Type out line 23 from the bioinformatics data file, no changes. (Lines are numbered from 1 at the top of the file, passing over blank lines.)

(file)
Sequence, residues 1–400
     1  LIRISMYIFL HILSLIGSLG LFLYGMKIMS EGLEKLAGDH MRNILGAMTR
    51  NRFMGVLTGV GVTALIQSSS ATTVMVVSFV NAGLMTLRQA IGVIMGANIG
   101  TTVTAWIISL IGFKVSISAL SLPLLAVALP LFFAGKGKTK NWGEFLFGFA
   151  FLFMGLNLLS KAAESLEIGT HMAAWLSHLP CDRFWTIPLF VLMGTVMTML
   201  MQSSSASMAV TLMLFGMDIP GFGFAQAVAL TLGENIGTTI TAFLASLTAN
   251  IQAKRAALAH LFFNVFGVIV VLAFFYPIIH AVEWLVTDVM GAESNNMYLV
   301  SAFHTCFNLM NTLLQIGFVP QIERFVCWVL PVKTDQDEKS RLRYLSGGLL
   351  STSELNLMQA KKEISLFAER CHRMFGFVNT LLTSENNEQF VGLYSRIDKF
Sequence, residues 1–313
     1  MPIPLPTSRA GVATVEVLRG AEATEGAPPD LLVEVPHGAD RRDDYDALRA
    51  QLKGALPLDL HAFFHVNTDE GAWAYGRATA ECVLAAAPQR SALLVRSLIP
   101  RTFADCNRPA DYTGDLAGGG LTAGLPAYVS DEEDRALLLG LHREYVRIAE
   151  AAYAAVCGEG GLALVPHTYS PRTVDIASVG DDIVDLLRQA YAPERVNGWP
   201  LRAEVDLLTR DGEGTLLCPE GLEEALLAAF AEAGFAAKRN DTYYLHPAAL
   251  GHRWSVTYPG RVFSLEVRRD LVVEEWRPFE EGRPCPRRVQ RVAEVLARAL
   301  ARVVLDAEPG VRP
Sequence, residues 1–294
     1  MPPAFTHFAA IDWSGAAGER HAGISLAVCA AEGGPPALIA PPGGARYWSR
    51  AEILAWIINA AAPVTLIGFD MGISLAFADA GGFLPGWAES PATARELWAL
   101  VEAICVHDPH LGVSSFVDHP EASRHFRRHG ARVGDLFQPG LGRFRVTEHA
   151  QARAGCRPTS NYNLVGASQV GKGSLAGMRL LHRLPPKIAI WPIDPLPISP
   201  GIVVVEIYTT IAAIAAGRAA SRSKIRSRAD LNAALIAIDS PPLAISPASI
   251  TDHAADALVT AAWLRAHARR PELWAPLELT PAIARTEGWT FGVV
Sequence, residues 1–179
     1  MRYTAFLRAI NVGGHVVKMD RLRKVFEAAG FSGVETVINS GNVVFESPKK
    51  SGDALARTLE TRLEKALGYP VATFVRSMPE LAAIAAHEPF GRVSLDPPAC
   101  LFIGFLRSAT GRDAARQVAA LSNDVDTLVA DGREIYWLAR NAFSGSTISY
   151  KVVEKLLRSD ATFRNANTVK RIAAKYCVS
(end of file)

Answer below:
   201  GIVVVEIYTT IAAIAAGRAA SRSKIRSRAD LNAALIAIDS PPLAISPASI